Apple has updated its iPhone OS SDK to allow Voice over Internet Protocol (VoIP) calls over cellular networks. According to a press release touting iCall, a VoIP application that claims to be the first to offer VoIP over 3G on the iPhone, Apple has updated both its developer agreement and SDK to allow for the new functionality. AT&T announced in October that it would allow VoIP apps to run over its 3G network, reversing a policy that limited all VoIP activity from the iPhone to Wi-Fi networks only. While iCall claims to be the first app to offer VoIP over 3G, now that Apple has begun accepting apps that offer this functionality, it is only a matter of time before iCall competitors such as Skype, Truphone and others roll out updated VoIP apps that work over 3G.
Apple has posted a streaming Quicktime video of its iPad announcement event, held earlier today at the Yerba Buena Center for the Arts in San Francisco, CA. The video is one hour and thirty-three minutes long, and contains several demonstrations including the iPad, iBooks, iTunes, App store, iWork, various applications and other features. Apple is expected to release the iPad Wi-Fi 60 days from today and the iPad Wi-Fi + 3G 90 days from today.
iLounge has posted a complete walkthrough video of Apple’s new iPad tablet. Highlights of the 10-minute video include a complete interface walkthrough, showing each of the built-in apps as well as the iWork suite, multiple looks at the device’s external body, and more. The complete video is available in embedded form below and is also available on YouTube.
Updated: We’ve added the longer, higher-resolution Vimeo version of the video for your viewing pleasure.
Updated x2: Our complete iPad walkthrough video is now available in 720p HD on Vimeo.
Following its introduction of the new iPad tablet computer, Apple today made available a beta of the iPhone OS 3.2 SDK, which supports iPad applications. According to information provided to iLounge by an anonymous source, the SDK itself is available, including an iPad simulator, but it does not support current iPhone or iPod touch hardware. New features available via the SDK include external display support, enhanced gesture recognizers, improved text support, custom font support, file-sharing support, which will allow apps to read and write to and from a shared folder that automatically mounts to the desktop when connected to a computer, the ability to associate documents with a specific application, the ability to generate PDF files from the device, and changes to the media player framework that will give developers more control over how video is presented to the user. The iPhone OS 3.2 SDK beta is available now to registered iPhone developers through the iPhone Dev Center.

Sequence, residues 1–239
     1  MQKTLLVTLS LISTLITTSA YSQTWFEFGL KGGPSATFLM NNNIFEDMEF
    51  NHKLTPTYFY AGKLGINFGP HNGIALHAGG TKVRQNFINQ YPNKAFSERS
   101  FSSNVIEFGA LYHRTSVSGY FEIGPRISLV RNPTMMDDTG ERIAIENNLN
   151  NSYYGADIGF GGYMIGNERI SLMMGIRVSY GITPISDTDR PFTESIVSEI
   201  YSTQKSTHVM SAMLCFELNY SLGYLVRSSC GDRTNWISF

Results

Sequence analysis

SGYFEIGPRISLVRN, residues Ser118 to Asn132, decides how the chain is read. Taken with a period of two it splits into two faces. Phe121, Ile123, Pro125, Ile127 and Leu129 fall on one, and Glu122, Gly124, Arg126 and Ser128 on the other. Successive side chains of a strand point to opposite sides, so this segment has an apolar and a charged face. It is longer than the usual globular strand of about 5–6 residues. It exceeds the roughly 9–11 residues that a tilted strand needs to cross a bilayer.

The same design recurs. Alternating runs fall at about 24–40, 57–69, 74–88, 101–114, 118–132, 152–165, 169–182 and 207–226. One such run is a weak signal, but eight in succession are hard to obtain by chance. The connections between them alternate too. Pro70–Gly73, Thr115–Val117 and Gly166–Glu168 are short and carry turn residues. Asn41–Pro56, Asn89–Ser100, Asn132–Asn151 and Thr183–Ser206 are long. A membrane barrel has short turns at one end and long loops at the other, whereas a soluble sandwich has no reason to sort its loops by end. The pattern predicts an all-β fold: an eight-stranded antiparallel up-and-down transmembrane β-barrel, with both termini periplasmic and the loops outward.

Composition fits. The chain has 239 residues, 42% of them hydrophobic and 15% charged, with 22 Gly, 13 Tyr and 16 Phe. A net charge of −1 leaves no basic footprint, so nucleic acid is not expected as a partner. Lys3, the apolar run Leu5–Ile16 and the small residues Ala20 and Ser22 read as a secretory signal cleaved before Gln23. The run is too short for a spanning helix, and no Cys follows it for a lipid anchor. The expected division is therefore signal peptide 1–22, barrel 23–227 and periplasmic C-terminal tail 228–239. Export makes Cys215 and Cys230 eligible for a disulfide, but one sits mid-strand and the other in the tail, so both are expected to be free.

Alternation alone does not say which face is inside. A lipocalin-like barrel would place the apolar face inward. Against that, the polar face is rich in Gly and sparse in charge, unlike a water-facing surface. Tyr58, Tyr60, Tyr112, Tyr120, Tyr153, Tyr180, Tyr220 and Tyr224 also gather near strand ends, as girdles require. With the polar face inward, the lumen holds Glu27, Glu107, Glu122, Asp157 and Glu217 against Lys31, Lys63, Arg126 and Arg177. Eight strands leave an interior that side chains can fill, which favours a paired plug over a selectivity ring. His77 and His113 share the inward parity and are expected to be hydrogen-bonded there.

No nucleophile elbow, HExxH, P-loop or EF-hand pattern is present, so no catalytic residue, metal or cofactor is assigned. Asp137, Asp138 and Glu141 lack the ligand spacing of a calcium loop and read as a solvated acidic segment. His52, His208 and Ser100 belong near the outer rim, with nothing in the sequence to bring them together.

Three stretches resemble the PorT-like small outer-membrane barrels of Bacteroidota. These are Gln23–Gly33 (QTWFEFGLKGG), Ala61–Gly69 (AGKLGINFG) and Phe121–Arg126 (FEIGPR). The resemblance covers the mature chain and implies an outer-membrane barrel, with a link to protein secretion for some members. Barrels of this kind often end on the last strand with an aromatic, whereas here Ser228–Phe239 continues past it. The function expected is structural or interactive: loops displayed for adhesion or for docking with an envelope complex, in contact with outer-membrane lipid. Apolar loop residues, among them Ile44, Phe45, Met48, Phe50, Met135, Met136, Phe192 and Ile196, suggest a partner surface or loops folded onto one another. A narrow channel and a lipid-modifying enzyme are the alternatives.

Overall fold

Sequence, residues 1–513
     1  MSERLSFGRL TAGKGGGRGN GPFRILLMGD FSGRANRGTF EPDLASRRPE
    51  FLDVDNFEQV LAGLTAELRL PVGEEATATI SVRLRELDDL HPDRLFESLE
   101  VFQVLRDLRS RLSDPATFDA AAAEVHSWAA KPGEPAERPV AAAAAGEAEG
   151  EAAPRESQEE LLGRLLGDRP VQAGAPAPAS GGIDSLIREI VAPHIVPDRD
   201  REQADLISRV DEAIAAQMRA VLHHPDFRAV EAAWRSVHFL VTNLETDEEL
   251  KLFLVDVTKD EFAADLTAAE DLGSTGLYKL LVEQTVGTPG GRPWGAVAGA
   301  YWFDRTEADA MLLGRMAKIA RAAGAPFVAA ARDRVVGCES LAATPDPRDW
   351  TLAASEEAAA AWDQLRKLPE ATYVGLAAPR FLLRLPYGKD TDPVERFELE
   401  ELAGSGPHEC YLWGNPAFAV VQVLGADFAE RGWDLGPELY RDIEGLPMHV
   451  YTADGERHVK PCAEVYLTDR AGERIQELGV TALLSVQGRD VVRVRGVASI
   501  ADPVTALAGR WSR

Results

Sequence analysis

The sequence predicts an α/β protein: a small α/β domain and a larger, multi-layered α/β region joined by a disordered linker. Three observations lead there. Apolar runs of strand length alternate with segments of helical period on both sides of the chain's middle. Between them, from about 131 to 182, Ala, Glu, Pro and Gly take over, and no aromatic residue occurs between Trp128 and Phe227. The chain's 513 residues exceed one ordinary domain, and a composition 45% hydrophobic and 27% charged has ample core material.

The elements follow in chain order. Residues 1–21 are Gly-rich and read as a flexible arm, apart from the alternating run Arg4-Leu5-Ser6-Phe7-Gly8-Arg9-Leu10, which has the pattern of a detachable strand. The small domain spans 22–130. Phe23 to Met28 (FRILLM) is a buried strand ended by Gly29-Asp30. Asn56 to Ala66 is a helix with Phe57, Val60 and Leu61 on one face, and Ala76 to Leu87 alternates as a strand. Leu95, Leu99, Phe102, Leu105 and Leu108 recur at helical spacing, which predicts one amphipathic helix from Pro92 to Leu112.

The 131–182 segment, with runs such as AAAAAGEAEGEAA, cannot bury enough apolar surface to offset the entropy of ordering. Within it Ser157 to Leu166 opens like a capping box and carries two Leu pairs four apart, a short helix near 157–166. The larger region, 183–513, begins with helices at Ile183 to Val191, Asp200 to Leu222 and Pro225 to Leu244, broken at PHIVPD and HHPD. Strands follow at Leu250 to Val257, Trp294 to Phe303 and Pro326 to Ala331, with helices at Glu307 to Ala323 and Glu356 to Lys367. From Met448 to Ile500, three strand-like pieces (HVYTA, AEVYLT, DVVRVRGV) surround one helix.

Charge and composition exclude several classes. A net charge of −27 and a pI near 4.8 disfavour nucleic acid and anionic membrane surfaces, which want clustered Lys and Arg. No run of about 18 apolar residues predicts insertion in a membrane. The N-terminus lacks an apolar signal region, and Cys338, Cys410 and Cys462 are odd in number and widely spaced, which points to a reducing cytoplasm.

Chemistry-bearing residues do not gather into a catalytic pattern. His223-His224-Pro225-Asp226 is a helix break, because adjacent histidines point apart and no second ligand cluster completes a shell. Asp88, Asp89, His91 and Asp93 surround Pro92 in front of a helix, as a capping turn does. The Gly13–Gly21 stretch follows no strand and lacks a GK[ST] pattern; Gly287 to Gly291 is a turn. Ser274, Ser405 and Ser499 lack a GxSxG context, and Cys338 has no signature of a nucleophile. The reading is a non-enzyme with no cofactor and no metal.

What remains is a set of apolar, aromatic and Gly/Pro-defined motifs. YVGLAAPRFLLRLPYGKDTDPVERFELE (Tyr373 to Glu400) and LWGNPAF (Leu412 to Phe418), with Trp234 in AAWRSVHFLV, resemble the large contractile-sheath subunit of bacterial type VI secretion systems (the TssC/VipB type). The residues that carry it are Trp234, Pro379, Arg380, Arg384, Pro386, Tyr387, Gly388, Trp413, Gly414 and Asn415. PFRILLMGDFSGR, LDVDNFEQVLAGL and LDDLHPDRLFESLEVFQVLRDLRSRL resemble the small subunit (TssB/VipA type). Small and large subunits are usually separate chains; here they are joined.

According to photos posted to Apple’s iPad Gallery, the Wi-Fi-only and Wi-Fi + 3G models use different back casings. While the non-3G model features nothing but a black Apple logo and the normal model name, capacity, and other legal information on its back, the 3G model features a prominent black plastic strip occupying roughly two-thirds of the central top portion of the back casing, which is consistent with details provided to iLounge prior to the device’s unveiling. A photo illustrating the differences appears below.
During its introduction of the new iPad tablet computer, Apple also unveiled new versions of its iWork productivity apps, designed especially for the new iPad tablet. Consisting of Keynote, a PowerPoint replacement, Pages, a word processor, and Numbers, a spreadsheet application, the iWork suite has been referred to as Apple’s competitor to Microsoft Office. Each of the new iPad-specific applications offers a multi-touch interface, the ability to add media stored on the iPad, and, in Numbers, user-switchable keyboards tailored to one specific task or another. The iPad versions of Keynote, Pages, and Numbers will be available separately through the App Store for $10 each. More photos showing the apps in action are available on our Flickr photostream.